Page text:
Journalism & the media: time to be afraid, very afraid

Posted on December 2, 2019


Honest, evidence-based journalism is under increasing pressure, especially with so many media outlets compromised or captured.  And, like so much else in this crisis-ridden and corruption wracked world, this is not a purely South African problem.

It was a fact clearly recognised by the United Nations Educational, Scientific and Cultural Organisation (UNESCO) when it adopted its theme for 2019.  Thias was summed up in the slogan: “Media for Democracy: Journalism and Elections in Times of Disinformation”.

But what does this matter to the majority of citizens, to ordinary workers, employed or unemployed, and especially to the very many who often wonder where their next meal is coming from?  It matters, because unless we all understand what policies caused the conditions we are in and who may be responsible, we stand no chance of ever bringing about the “better world” constantly promised by politicians of every stripe.

We need to know what is happening, who is doing what to whom and at what cost?  This point was highlighted last week by chief justice Mogoeng Mogoeng when the delivered the annual Nelson Mandela lecture.  He noted:  “Watch us closely, otherwise our constitutional democracy is gone…”

In that case, he was referring to the judiciary, but the same applies to the actions and decisions of all of those in authority.  As Mogoeng added:  “Ask yourself, [about the actions, decisions and behaviour of those in authority] does it make sense?”  

Without adequate information, it is impossible to answer that question coherently.  And it is here, within parliamentary democracies, that journalists and the media — print, broadcast and digital — have their role to play.

 But, if they play it honestly, producing evidence-based facts and clear, cogent analysis, they can quickly come into conflict with the powers that be.  Because, especially in a world facing an ongoing economic crisis, those who benefit from what is obviously a decaying system are fearful that the system itself may be challenged and perhaps changed. This they will resist at all costs.

And they are aware that honest, evidence-based information may reveal rottenness, mismanagement, incompetence and outright criminality within the present system. This is a potential threat to their positions, especially when the wider population becomes aware of how little influence voters actually have in proclaimed democracies.  Such realisation can result in serious rebelliousness.

So the elites, singly and, at times, in unison, act to try to ensure that the majority is fed information that is manipulated, distorted and, all too often, untrue.  But within parliamentary systems — systems that were fought for and won by working people — they have to resort to a variety of subterfuges to promote their agendas.

The problem for the elites is that, although democracy in parliamentary systems is limited, the principle of press freedom, access to information and of evidence-based reporting by journalists is publicly upheld.  However, media outlets can be bought and public broadcasters can, by various means, be brought under state control.  Some journalists may also be prepared to prostitute their professions for a price.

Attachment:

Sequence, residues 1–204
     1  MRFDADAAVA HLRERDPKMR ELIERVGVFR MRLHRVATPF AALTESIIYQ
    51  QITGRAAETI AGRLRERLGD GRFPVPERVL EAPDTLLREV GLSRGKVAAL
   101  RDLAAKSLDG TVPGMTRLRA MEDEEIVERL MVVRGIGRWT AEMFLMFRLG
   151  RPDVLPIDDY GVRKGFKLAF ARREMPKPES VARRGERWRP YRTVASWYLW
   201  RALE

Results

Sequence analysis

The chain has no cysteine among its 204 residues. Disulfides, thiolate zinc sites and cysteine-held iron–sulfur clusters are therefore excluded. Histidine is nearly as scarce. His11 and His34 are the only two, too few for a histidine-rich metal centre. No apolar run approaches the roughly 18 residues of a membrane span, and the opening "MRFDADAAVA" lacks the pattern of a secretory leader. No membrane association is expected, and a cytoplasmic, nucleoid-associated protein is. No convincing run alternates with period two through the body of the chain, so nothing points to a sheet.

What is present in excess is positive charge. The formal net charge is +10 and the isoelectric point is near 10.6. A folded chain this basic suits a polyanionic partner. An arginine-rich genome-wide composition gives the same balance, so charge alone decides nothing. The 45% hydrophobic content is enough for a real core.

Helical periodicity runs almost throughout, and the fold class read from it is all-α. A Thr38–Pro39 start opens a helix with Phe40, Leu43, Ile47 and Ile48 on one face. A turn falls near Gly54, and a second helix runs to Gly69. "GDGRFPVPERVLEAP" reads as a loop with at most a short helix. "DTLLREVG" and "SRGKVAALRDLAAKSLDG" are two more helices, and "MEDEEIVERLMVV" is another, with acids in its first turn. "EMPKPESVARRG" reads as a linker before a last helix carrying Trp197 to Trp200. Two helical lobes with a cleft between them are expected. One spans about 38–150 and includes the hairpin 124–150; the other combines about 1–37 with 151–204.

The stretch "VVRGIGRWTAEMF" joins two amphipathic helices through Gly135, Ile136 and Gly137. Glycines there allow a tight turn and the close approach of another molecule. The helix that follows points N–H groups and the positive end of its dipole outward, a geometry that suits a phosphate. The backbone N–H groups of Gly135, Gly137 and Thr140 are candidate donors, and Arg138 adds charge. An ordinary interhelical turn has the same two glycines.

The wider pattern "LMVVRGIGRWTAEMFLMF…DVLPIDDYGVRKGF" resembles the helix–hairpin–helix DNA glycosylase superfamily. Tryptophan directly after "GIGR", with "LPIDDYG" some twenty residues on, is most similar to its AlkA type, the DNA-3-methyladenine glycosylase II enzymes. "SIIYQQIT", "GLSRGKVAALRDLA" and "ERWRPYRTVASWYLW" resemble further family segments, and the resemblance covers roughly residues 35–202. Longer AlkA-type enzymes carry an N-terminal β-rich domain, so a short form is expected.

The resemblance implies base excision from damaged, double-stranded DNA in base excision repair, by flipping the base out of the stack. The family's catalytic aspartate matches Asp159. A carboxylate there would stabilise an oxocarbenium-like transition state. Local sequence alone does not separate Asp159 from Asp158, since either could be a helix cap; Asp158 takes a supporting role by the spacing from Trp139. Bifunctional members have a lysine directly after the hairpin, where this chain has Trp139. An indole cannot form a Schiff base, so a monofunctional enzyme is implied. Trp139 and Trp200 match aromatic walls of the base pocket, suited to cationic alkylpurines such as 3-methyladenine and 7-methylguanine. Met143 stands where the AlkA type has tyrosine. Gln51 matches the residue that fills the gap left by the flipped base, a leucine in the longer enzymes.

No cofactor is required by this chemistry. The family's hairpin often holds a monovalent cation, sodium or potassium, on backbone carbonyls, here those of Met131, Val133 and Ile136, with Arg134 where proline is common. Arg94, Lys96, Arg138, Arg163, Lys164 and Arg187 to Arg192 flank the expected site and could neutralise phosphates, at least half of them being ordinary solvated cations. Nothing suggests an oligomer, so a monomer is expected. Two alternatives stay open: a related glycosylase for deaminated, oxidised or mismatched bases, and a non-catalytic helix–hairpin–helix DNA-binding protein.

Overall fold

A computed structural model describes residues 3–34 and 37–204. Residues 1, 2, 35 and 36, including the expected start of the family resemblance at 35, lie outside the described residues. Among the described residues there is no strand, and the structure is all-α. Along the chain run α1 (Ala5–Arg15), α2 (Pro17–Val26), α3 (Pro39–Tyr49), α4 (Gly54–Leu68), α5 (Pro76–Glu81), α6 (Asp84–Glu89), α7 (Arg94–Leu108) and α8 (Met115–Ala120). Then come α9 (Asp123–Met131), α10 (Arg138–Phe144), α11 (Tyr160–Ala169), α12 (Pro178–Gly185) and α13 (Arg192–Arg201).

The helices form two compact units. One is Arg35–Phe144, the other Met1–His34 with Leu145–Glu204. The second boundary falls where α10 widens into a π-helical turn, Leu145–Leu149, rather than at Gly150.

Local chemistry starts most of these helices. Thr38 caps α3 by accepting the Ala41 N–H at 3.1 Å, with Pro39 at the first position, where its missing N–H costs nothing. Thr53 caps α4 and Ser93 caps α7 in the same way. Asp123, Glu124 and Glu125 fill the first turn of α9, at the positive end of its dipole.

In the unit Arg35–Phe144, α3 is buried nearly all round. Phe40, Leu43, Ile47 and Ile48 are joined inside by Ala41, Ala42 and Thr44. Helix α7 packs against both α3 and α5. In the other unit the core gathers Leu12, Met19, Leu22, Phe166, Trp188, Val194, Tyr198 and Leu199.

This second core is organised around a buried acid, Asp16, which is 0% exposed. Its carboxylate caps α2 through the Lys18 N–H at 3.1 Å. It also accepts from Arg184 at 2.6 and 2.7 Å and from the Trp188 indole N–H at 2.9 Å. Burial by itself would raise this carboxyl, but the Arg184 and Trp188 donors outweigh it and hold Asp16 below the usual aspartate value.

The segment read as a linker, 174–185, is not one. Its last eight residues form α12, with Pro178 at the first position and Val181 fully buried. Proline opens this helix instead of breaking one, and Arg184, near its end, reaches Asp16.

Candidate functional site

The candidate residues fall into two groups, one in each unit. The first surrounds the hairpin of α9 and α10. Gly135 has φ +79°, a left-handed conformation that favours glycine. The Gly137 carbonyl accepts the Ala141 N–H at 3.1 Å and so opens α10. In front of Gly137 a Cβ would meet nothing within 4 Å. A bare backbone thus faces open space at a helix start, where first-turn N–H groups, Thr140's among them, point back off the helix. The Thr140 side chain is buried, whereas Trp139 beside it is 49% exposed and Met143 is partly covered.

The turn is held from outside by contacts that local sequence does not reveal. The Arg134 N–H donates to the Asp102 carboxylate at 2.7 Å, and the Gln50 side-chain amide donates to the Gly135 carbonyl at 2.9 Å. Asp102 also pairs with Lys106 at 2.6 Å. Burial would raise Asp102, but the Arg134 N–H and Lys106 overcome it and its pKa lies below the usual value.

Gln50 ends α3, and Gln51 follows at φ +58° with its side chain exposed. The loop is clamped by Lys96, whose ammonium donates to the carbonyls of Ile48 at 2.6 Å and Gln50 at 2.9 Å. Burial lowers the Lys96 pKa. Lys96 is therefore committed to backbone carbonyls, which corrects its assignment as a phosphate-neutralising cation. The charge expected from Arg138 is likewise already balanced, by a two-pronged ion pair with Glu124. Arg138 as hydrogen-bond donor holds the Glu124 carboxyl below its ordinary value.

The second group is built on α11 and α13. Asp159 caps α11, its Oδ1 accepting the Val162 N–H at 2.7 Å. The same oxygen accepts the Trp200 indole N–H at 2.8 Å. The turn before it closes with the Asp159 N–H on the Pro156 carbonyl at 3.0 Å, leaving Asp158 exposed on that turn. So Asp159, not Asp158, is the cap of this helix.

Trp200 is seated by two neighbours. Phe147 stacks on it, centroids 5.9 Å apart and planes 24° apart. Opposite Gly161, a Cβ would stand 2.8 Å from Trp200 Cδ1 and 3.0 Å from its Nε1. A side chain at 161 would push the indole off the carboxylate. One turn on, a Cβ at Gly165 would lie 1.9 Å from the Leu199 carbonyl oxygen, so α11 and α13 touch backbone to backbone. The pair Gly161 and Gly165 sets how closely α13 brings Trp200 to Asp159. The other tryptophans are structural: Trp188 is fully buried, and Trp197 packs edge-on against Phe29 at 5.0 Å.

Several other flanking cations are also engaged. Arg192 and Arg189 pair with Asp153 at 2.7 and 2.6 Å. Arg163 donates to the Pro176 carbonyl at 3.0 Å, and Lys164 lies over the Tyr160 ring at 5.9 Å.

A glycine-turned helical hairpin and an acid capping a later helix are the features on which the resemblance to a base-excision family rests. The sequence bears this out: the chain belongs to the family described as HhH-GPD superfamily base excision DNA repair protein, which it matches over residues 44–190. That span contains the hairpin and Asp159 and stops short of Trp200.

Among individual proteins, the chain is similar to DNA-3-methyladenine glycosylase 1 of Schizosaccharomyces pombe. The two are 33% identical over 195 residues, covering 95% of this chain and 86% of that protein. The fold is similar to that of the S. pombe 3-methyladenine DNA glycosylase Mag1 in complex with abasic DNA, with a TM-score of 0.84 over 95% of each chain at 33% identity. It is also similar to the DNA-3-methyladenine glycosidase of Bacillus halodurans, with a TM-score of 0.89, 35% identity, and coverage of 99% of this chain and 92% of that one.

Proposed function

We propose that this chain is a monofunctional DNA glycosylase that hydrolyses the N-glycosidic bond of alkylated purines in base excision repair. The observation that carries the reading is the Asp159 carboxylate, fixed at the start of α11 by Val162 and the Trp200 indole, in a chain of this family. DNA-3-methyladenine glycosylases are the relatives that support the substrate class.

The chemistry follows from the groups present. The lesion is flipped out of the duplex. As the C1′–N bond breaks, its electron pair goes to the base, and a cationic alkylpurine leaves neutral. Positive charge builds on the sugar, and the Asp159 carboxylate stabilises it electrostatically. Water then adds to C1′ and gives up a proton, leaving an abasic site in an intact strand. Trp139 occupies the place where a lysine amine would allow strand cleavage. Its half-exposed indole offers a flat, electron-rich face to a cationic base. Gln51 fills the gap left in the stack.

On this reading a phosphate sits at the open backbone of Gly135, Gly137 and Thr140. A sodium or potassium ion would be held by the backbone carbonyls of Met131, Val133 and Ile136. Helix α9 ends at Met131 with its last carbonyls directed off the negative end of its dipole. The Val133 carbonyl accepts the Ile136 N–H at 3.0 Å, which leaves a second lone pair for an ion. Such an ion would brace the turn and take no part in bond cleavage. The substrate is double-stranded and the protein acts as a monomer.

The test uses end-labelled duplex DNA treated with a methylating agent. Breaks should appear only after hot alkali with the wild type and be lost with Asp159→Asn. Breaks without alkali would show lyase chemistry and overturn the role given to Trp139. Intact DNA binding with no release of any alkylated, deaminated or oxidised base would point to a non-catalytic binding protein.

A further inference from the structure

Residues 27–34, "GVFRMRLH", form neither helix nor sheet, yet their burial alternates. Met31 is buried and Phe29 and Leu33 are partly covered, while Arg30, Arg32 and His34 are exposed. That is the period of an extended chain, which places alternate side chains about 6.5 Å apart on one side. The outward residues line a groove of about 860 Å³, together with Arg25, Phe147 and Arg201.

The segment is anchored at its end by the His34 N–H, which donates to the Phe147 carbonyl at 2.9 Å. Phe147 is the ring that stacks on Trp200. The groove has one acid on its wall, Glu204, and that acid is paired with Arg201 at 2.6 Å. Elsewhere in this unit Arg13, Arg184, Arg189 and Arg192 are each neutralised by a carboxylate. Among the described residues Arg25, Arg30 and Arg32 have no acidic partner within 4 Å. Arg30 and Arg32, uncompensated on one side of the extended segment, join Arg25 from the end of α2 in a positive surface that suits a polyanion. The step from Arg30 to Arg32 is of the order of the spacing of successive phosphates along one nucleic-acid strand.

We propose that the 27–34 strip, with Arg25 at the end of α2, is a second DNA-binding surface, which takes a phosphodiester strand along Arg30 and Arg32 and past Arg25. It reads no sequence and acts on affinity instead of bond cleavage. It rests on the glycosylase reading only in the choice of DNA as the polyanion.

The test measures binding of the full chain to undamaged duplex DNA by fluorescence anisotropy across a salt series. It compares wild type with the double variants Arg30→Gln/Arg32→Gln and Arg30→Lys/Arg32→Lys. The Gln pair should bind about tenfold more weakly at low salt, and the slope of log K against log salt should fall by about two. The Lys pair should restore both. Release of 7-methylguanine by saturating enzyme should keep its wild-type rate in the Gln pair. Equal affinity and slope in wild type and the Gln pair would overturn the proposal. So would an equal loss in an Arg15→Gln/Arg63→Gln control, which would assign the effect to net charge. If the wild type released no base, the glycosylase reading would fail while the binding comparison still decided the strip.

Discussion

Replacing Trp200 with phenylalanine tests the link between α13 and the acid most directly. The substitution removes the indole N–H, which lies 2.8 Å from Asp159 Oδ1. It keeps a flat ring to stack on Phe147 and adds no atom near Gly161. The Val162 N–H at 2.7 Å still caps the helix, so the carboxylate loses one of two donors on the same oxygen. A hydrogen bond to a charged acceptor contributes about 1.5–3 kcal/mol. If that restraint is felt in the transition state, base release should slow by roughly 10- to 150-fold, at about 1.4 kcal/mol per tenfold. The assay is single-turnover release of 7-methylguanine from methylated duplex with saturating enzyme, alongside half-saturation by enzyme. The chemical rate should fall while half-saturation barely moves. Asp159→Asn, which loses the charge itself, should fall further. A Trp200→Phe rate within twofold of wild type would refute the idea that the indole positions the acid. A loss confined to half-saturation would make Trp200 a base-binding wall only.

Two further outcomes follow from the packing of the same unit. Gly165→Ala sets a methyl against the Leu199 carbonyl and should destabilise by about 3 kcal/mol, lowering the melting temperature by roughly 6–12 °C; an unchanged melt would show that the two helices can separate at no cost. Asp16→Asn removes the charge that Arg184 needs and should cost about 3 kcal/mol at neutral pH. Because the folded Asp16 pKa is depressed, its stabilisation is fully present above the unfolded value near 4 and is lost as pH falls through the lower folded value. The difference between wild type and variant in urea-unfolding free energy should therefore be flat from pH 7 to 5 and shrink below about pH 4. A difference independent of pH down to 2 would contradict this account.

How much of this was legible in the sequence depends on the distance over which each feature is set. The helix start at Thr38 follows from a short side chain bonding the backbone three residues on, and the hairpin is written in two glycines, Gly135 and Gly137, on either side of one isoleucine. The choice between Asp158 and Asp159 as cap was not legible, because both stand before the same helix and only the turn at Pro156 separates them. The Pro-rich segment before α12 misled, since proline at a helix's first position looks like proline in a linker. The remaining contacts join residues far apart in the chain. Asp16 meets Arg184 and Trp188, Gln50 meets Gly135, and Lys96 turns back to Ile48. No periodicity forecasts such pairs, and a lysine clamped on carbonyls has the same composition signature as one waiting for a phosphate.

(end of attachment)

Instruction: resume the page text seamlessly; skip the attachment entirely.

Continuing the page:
However, not all media can be brought under such control and nor can all journalists.  But such bought or state controlled media can be used — and are used — to promote misinformation and to launch scurrilous attack on honest journalists while attempting to undermine media that were asked by Mogoeng to, “watch closely” and report accordingly.

Several parliamentary governments, acting as most do, as the line managers of a system that favours a tiny and elite minority, have also legislated — or are trying to pass into law — further restrictions on the right to information.  South Africa provides not just one, but two classic cases:  the Protection of State Information — “Secrecy” — Bill and the Critical Infrastructure Protection Bill (CIPB).

Both these legislative measures have their roots firmly in the notorious apartheid era  National Key Points Act of 1980.  And while they amend certain aspect of the old law, they appear to fail to provide the safeguards for whistleblowers and media demanded by  the Constitution.

Worryingly, the State Security Agency let it be known in July this year that it would favour the signing into law of the Secrecy Bill. This putative law has been gathering dust in the presidential office since its progress was halted in 2013 by mass street protests.

Times have changed. For example, there were no street protests when the CIPB went through parliament.  

And no action has been taken against a minister who impugned the integrity of journalists and the media when he admitted to the criminal act of bribery.   Although minerals minister Gwede Mantashe subsequently denied paying a R70 000 bribe to two unnamed journalists, he never provided names, never apologised and remained in the cabinet and as chair of the ANC.  

The smear against the media and journalism remains.  And there was no reply when the SA National Editors Forum (I am a member) wrote to President Cyril Ramaphosa asking what action would be taken against Mantashe.

This further muddies the waters, helping to create an impression of untrustworthy journalists serving a media biased against the national good, represented by the government and the system it serves.  It is against this background that the CIPB — it continues to make the SA Broadcasting Corporation an effective “key point” — was recently signed into law as Act No.8 of 2019.

This should certainly make now a time for all good people to come to the aid of not just journalism and the media, but to give fulsome support for continued — and expanded — access to information along with for honest and reliable media.